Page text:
Laurier researchers comparing polio epidemic to COVID-19 pandemic
A team of student researchers at Wilfrid Laurier University's Brantford campus have completed a study comparing polio to COVID-19.
Polio, a viral disease, sparked an epidemic worldwide.
“Really big outbreaks in the 30s, 40s and 50s, and it particularly targeted young people whose immune systems were not so strong,” said Tarah Brookfield, associate professor of History and Children and Youth Studies at Wilfrid Laurier University.
The research group interviewed 10 residents in Brantford ranging in age from 72 to 93.
Brantford resident Andrew Harris is one of the people who were involved in the study.
He was around six years old in the 1950s and living in Manitoba when a classmate of his didn’t come back to school for the better part of a year after being diagnosed with polio.
“When he came back, he had a severe limp as a result of the polio because of the paralysis,” Harris said.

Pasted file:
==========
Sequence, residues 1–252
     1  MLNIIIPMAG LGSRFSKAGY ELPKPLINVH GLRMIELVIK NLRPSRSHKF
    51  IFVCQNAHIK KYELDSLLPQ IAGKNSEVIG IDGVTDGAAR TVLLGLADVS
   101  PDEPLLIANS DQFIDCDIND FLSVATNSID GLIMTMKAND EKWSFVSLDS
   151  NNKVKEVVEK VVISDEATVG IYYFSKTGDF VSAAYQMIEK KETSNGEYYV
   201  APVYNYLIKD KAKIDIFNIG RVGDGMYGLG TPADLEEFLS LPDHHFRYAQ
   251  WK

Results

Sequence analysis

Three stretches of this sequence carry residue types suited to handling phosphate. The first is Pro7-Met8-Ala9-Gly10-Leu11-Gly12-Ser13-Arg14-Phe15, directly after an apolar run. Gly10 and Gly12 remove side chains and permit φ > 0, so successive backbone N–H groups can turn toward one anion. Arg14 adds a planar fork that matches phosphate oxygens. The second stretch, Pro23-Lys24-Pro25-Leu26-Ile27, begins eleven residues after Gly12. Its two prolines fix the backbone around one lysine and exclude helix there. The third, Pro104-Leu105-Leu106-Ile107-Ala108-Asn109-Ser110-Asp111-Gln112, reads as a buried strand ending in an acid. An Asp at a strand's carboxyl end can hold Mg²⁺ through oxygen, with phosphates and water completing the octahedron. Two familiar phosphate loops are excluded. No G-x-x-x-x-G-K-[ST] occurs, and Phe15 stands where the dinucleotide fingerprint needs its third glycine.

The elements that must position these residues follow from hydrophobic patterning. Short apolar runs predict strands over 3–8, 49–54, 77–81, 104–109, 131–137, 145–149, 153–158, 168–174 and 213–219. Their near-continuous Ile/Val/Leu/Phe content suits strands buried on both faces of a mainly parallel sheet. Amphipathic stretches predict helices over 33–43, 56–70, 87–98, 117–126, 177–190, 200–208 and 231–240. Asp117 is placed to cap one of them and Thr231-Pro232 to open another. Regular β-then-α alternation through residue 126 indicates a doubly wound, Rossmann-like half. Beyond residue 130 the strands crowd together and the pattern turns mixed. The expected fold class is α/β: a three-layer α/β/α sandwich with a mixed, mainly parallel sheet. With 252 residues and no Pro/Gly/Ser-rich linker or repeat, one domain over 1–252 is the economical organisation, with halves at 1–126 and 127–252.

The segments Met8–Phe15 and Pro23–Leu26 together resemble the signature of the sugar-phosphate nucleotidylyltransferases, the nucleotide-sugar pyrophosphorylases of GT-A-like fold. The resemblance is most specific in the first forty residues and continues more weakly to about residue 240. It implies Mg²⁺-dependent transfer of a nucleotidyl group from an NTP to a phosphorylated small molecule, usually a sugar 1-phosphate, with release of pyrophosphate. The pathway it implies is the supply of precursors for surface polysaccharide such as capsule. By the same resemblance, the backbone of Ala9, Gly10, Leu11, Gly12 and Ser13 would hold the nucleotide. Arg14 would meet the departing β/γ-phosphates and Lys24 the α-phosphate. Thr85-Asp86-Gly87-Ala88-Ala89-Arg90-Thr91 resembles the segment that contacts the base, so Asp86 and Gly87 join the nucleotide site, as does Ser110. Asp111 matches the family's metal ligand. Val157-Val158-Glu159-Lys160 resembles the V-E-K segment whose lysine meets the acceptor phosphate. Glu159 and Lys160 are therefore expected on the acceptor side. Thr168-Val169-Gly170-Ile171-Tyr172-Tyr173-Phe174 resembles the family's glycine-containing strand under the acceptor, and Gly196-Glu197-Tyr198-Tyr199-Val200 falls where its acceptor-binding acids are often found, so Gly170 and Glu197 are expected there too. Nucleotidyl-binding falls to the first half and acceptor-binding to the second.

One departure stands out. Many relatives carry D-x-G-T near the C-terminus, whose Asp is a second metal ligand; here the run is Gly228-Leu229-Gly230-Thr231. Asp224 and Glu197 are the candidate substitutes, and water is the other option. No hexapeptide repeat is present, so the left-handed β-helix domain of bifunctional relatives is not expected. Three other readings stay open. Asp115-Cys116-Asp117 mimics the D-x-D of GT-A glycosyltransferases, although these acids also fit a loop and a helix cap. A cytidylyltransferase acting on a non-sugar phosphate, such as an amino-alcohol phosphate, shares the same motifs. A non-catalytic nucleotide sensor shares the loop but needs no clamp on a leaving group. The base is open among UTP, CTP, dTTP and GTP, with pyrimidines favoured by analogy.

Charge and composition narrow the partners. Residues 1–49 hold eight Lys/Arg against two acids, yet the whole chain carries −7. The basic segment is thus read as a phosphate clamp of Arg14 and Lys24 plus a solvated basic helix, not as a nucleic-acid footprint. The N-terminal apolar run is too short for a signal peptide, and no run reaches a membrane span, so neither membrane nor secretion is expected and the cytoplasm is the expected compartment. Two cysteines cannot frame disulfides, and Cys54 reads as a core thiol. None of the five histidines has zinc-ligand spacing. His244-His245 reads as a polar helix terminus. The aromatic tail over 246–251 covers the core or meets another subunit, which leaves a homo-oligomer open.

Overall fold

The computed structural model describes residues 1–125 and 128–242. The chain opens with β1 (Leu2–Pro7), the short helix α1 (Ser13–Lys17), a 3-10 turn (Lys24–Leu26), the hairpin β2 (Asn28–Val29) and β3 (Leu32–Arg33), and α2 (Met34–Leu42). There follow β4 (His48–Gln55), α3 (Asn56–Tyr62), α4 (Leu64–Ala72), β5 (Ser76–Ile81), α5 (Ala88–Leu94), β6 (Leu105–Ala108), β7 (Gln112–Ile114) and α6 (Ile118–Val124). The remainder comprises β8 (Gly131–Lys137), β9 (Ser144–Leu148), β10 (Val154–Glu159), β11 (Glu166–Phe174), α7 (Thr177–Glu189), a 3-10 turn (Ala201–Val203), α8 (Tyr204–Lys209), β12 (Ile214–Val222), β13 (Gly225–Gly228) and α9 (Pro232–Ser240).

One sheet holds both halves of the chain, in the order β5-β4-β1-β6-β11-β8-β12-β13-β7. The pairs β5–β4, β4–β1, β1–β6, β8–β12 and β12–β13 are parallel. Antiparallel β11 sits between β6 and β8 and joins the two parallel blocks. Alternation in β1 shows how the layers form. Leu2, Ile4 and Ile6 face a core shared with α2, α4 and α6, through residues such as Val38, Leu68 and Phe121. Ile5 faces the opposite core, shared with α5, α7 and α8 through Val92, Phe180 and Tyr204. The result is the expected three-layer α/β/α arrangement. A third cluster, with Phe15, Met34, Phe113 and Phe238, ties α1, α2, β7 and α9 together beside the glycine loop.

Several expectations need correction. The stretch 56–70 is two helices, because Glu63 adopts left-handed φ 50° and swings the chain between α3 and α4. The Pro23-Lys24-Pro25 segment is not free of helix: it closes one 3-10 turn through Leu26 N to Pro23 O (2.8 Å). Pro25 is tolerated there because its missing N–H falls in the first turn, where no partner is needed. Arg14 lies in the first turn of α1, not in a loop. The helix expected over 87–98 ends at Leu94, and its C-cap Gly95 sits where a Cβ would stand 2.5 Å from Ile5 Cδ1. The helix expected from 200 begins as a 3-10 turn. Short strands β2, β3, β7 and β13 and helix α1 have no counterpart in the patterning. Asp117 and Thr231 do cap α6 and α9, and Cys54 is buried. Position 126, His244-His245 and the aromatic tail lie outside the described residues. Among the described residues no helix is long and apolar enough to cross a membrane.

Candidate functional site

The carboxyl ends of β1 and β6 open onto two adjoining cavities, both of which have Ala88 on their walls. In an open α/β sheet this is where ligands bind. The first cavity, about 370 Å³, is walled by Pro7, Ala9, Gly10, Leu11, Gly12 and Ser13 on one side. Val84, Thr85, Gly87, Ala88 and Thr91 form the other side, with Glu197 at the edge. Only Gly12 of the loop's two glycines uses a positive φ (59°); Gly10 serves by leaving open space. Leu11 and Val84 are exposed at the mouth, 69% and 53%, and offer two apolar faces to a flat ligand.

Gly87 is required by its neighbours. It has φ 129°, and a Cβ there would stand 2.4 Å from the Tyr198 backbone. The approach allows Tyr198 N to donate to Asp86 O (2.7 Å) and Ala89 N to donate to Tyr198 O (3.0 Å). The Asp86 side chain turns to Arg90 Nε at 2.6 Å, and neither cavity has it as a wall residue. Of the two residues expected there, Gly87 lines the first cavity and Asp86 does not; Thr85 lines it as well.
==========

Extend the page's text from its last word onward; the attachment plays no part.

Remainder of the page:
Researchers said there are a lot of similarities between the two diseases.
“Similar to COVID, polio was asymptomatic. So approximately 70 per cent of the people who got it didn’t know they had it,” said Brookfield.
Harris said he also noticed many similar aspects after living through both crises.
“The fear, the anxiety and the reluctance. There was pushback back then too,” said Harris.
Researchers said there weren’t as many polio cases as there have been COVID-19 cases.
“Cases in the thousands, not the hundreds of thousands,” said Tyler Britz, a research student.
The polio vaccine took a long time to develop as medicine wasn't as advanced 70 years ago.
“I was part of the experimental group that got the initial needles. Those three needles, plus a booster,” Harris said, recalling being part of the test trials when he was a young boy.
When the vaccine was developed in the 1950s, many Canadian children were immunized fast.
“All kids in Brant and Brant County, they all got vaccinated on the same day,” said Britz.
Another similar aspect was the public health tactics used in both cases. Those with polio were forced to quarantine. Residents were also asked to do their due diligence and be safe around others.
“Don’t touch water, don’t drink water out of the fountain at school, don’t go in the swimming pool,” Harris said.
While fear and uncertainty plagued both the polio epidemic and COVID-19 pandemic, Harris said he is optimistic.
“It’s on its way out,” he said.